Acute Collapse in Cats

Overview of Acute Collapse in Cats

Acute collapse is a sudden loss of strength causing your cat to fall and be unable to rise. In acute collapse, your cat falls to the ground either into a sitting position (hind limb collapse) or a lying position (complete collapse). Some cats that suddenly collapse will actually lose consciousness. This is called fainting or syncope. Some cats recover very quickly and look essentially normal just seconds to minutes after collapsing, whereas others stay in the collapsed state until helped.

Acute collapse is usually caused by a disorder of one of the following:

What To Watch For

If your cat suffers an acute collapse, he will sit down suddenly or lie down and won’t be able to get back up. Call or take your pet to your veterinarian immediately.

Veterinary Care for Acute Collapse in Cats

Veterinary care should include diagnostic tests to determine the cause of acute collapse so that subsequent treatment recommendations are specific and most likely to be successful.

There are dozens of diseases that can cause acute collapse. In order to pinpoint which is responsible, your veterinarian may perform one or more of the following evaluations.

Diagnosis of Acute Collapse in Cats

Treatment of Acute Collapse in Cats

Treatment of acute collapse is dependent upon the underlying cause. Initially, emergency treatments may be necessary if the blood pressure is too low or if bleeding has occurred. The following are possible treatment options that your veterinarian may choose to implement.

Home Care

In-depth Information on Acute Collapse in Cats

A collapse may involve extreme weakness of the front or rear limbs, falling to the ground, or unconsciousness, in which case the cat is unresponsive to sound or touch. The severity and symptoms will often be related to the cause of collapse.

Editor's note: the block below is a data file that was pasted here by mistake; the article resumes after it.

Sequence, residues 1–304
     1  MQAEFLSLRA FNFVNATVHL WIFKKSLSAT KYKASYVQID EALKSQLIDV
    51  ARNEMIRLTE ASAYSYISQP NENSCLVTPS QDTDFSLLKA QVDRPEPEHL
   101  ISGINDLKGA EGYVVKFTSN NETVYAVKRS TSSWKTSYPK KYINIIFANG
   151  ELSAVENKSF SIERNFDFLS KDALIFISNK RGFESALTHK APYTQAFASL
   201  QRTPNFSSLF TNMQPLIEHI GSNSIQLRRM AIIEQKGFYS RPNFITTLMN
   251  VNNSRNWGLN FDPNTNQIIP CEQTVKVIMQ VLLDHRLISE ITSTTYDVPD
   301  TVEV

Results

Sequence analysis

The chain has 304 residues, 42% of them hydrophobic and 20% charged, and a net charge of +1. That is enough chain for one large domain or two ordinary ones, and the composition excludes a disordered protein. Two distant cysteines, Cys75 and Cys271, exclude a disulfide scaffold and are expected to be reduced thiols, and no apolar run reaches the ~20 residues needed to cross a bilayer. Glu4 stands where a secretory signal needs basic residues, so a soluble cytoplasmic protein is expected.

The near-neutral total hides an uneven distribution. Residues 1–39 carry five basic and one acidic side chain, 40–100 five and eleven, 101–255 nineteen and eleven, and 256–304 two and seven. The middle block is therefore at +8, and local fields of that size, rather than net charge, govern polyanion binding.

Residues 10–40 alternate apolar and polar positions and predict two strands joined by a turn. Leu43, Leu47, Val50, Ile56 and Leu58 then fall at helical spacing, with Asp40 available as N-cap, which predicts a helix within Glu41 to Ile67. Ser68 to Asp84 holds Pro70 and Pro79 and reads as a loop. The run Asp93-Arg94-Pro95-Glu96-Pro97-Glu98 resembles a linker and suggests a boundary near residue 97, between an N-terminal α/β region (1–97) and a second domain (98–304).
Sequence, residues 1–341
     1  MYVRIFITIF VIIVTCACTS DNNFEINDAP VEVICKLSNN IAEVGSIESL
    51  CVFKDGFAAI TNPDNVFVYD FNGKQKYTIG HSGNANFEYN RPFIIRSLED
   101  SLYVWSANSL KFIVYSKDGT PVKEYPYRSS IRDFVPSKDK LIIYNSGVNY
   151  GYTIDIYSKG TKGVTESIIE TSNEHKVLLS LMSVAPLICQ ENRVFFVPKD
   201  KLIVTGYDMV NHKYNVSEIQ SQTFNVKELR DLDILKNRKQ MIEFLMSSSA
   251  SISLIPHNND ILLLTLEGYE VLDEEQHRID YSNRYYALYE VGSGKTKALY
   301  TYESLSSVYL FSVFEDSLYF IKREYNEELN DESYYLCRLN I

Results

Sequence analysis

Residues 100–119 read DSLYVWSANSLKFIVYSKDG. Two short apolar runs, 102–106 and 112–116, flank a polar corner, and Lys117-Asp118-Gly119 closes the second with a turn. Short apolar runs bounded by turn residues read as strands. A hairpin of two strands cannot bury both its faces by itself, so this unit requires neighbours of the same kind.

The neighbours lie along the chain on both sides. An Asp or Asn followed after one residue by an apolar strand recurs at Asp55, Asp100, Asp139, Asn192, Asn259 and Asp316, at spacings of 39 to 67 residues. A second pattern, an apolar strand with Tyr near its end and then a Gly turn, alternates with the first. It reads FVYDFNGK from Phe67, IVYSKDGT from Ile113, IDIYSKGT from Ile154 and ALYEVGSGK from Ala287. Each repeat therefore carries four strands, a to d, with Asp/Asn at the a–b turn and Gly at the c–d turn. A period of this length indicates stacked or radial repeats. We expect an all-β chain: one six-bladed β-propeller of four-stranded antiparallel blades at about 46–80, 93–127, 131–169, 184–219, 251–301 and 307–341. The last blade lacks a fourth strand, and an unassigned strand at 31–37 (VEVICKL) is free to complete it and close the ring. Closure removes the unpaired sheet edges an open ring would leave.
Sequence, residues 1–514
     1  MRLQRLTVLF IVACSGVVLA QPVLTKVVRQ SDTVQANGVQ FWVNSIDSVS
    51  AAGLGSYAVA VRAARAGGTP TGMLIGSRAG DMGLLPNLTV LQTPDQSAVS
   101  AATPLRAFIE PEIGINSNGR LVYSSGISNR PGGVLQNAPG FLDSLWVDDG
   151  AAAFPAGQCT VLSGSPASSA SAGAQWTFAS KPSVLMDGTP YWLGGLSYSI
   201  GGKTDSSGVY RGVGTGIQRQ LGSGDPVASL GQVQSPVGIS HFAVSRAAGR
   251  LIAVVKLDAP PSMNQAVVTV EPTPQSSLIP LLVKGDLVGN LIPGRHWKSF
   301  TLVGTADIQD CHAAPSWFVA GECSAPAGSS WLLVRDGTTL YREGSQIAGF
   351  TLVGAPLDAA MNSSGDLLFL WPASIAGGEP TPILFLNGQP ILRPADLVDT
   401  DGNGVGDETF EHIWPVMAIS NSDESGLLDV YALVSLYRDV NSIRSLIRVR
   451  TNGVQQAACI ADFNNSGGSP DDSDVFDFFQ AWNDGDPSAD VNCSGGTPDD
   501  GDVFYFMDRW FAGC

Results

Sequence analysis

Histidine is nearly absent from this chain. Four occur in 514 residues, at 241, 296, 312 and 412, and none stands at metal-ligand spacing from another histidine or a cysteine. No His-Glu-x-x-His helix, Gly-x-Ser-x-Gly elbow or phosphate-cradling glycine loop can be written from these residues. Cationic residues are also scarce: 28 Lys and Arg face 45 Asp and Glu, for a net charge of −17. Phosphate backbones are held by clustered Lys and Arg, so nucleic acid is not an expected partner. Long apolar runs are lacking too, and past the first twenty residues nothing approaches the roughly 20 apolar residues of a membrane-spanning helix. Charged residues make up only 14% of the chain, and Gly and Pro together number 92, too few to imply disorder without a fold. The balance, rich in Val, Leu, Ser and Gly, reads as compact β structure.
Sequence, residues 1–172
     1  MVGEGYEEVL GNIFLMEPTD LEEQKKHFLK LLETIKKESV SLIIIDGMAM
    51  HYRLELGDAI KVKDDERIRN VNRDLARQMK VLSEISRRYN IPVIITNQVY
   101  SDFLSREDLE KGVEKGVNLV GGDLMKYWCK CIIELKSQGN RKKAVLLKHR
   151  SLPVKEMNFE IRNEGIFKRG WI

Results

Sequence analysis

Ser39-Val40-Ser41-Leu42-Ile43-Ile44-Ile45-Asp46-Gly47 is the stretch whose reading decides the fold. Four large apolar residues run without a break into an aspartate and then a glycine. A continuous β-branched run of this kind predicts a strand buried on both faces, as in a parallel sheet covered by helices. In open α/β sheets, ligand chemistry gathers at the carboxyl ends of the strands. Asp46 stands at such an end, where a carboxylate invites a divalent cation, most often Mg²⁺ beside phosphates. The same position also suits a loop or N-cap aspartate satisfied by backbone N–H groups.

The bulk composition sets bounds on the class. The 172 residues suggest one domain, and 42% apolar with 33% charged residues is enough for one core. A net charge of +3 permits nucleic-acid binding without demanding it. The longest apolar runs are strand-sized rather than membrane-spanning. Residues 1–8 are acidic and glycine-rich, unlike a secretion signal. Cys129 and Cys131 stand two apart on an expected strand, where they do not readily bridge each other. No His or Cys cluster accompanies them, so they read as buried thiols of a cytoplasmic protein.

Often consciousness is maintained but the cat has an expression of confusion or of anxiety. A “glassy-eyed” appearance may be evident. The collapse may last for only a few seconds, or it may take many minutes to hours before your cat can stand again.

Numerous diseases can cause acute collapse. Often a disease is fairly advanced when such an extreme manifestation as collapse occurs. However, there may not have been prior symptoms.

Examples of illnesses that may cause collapse include:

The most serious cases of collapse are life-threatening.

Diagnosis In-Depth

If your cat is still collapsed when it is brought to the veterinarian, tests will be done immediately and hospitalization with continuous monitoring may be recommended, particularly if the situation is perceived as life threatening.

Your veterinarian will determine the underlying problem and the immediate threat it poses to your cat. Alternatively, if your cat’s condition improves spontaneously, and your cat seems well when you reach the veterinary hospital, tests will be performed. These will be aimed to determine the cause of the problem in order to assess the risk of future collapse and to see whether medication is warranted.

As mentioned in “Causes”, numerous diseases can lead to acute collapse. Therefore, your veterinarian may perform one or more of the following tests:

Additional, tests may be recommended from the results of any of the tests listed above. For example, a cat with spinal cord lymphoma (a type of cancer) may have the same type of cancer cells in the bone marrow. A bone marrow aspiration is much easier and safer to perform than a biopsy of spinal cord tissue.

Therefore, the initial tests may find the cause of collapse outright, or may direct the veterinarian to pursue other causes of collapse.

Treatment In-depth

At the time of initial collapse, it is best to go immediately to the nearest veterinarian rather than spend time on “life-saving” measures. Inappropriate cardiopulmonary resuscitation (CPR), for example, can be ineffective and cause internal organ damage if done improperly.

The most beneficial treatment for acute collapse is the elimination of its cause. Finding the cause can be complicated and time-consuming, because so many potential explanations are possible. Therefore, treatments often are general (“supportive”) at first and then become more specific as new information is obtained from test results.

The following are examples of treatments the veterinarian may provide.

Follow-up Care for Cats with Acute Collapse

Many of the diseases that cause acute collapse are progressive (they can get worse). Once a diagnosis has been reached and the cause of collapse is known, you should discuss with your veterinarian the frequency of rechecks.

Follow-up care may include: